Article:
Health Care & Life Sciences and Health Care & Insurance

Hospitals suffer third-quarter swoon

November 18, 2013

Indiana University Health and Franciscan Alliance saw key parts of their businesses deteriorate sharply in the third quarter, according to new financial reports released by the hospital systems.

Those swoons, though offset by growth in other areas, spooked management at each system, causing each to slash more than 900 positions.

Both systems partly blamed Obamacare, formally known as the Patient Protection and Affordable Care Act. The law is curtailing growth in reimbursements from the federal Medicare program for seniors. And, while the law will subsidize an expansion of health insurance, it appears to be doing so in ways that still leave hospitals exposed to large unpaid bills.

“This is the worst-case scenario for providers,” said Ed Abel, a hospital accountant at Indianapolis-based Blue & Co.

At Indianapolis-based IU Health, the number of days patients stayed at its hospitals plunged 6.8 percent in the third quarter, to fewer than 174,000. In the same three months a year earlier, patients racked up nearly 187,000 days.

What’s worse, IU Health saw outpatient surgeries tank. Total outpatient surgeries numbered 18,051, a 13-percent decline from a year earlier.

All surgeries fell 10.7 percent in the quarter, and were down 5.6 percent during the first nine months.

Imaging exams, another important moneymaker, fell 4 percent in the third quarter and are down 3 percent for the year, in spite of IU Health's slashing imaging prices at the start of the year as much as 80 percent.

Despite the downward trends, IU Health limited its overall decline in operating revenue to just 2.8 percent. That’s because, in spite of a decline in outpatient surgeries, overall outpatient admissions have risen 2.8 percent this year. Also, IU Health increased prices 8 percent this year.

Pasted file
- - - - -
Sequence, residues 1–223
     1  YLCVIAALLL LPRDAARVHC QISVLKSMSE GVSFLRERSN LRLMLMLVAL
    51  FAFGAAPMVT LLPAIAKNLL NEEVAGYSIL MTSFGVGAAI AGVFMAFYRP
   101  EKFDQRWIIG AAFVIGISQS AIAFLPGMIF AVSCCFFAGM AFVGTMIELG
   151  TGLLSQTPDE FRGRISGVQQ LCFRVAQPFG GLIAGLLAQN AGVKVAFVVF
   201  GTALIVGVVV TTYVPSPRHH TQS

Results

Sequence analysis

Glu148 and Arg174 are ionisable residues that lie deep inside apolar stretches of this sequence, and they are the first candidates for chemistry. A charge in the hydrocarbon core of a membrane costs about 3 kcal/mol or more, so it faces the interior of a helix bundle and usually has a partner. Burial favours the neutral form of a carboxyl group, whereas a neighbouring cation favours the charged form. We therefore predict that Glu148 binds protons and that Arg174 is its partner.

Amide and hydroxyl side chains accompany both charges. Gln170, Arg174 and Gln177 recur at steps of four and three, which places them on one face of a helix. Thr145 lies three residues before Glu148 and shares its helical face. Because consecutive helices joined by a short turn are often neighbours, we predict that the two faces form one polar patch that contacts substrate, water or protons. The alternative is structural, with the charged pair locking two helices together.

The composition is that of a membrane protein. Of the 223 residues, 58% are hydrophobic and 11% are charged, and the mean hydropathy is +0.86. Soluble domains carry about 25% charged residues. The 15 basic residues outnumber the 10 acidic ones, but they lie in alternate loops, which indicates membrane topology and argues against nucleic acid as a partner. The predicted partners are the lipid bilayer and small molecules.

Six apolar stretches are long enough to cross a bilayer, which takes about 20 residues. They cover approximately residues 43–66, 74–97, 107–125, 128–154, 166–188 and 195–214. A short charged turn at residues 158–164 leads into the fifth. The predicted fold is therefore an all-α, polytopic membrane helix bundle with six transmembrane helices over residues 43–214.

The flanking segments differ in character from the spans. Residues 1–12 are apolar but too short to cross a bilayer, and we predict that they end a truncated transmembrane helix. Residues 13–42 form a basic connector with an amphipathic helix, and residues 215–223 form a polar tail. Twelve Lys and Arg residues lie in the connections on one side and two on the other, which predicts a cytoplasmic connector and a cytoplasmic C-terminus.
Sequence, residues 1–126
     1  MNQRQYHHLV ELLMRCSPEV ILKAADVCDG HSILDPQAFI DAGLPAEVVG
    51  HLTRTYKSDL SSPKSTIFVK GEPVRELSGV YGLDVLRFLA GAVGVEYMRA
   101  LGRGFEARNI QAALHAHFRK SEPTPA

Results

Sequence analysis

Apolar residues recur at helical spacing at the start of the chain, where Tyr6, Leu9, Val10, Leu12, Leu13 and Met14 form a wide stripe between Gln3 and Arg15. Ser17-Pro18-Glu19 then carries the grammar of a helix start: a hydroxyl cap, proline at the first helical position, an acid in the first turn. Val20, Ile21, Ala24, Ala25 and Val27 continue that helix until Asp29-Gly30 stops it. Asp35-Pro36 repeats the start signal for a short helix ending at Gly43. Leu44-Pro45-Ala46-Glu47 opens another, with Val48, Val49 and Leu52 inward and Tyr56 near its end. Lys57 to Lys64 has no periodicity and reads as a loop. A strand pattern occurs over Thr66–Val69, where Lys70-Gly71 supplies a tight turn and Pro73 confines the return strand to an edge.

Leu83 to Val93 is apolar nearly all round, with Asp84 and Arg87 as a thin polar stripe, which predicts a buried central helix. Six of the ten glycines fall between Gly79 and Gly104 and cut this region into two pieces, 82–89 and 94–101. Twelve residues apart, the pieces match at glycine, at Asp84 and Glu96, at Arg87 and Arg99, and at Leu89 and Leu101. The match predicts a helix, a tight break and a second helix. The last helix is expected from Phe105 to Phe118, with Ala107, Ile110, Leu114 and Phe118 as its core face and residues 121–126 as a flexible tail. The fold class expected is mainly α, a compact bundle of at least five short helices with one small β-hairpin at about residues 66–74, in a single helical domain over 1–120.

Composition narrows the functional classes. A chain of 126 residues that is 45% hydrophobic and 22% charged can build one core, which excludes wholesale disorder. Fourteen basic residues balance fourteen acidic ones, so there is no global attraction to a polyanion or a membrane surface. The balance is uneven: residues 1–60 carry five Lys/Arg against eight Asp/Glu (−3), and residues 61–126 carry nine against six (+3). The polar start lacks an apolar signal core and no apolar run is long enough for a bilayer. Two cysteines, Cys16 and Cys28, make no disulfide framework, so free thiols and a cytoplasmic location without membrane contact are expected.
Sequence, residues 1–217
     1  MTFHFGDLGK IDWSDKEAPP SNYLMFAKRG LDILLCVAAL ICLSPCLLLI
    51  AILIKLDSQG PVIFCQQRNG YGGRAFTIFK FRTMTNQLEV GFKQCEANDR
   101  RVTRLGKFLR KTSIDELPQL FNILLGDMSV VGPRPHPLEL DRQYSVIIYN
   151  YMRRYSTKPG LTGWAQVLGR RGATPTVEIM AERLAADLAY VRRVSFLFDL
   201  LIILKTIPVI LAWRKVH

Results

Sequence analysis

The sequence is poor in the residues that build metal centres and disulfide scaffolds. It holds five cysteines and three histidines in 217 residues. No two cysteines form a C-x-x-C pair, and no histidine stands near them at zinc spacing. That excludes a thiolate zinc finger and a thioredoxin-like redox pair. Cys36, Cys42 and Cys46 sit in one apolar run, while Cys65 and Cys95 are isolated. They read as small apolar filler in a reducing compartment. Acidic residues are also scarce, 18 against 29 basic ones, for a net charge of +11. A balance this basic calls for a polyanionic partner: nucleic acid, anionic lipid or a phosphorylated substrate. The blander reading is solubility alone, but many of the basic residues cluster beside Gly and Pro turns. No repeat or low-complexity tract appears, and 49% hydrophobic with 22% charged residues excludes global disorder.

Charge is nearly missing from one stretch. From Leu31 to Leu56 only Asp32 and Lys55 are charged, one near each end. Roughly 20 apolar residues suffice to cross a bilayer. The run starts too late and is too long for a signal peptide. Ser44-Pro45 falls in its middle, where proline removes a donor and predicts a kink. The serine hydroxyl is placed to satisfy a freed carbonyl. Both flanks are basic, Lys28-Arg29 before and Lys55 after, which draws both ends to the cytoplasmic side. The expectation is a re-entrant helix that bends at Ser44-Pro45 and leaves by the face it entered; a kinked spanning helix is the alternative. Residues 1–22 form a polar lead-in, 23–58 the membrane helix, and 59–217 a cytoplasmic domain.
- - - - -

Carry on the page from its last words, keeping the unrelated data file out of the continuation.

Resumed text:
That has actually boosted overall patient revenue from IU Health’s ongoing operations $33 million this year compared with the first nine months of 2012.

Even so, in September, IU Health continued its efforts to slash $1 billion in annual expenses by cutting 935 positions.

“Hospitals across the country are seeing continued declines in admissions,” Jeff Sperring, CEO of IU Health’s Riley Hospital for Children, said at the time. “These changes are reflective of those declines in admissions.”

Franciscan, based in Mishawaka, also suffered a 7-percent decline in inpatient visits during the third quarter.

The declines have cut Franciscan’s operating income by half, from $74.4 million during the first nine months of last year to $35.6 million this year. Total patient revenue at Franciscan has fallen 1.4 percent, to $1.7 billion.

“The results of operations continue to be influenced by economic and industry-wide challenges including constrained volume growth, and cost pressure,” Franciscan executives wrote in their third-quarter financial report.

In October, Franciscan announced it would eliminate 925 positions across its system, including 148 in the Indianapolis area.

Most other hospital systems also have been cutting staff, although only St. Vincent Health’s elimination of 865 workers in June has garnered significant attention.

St. Vincent does not publicly report quarterly financial results. Indianapolis’ other large hospital system, Community Health Network, has yet to report third-quarter results.

 

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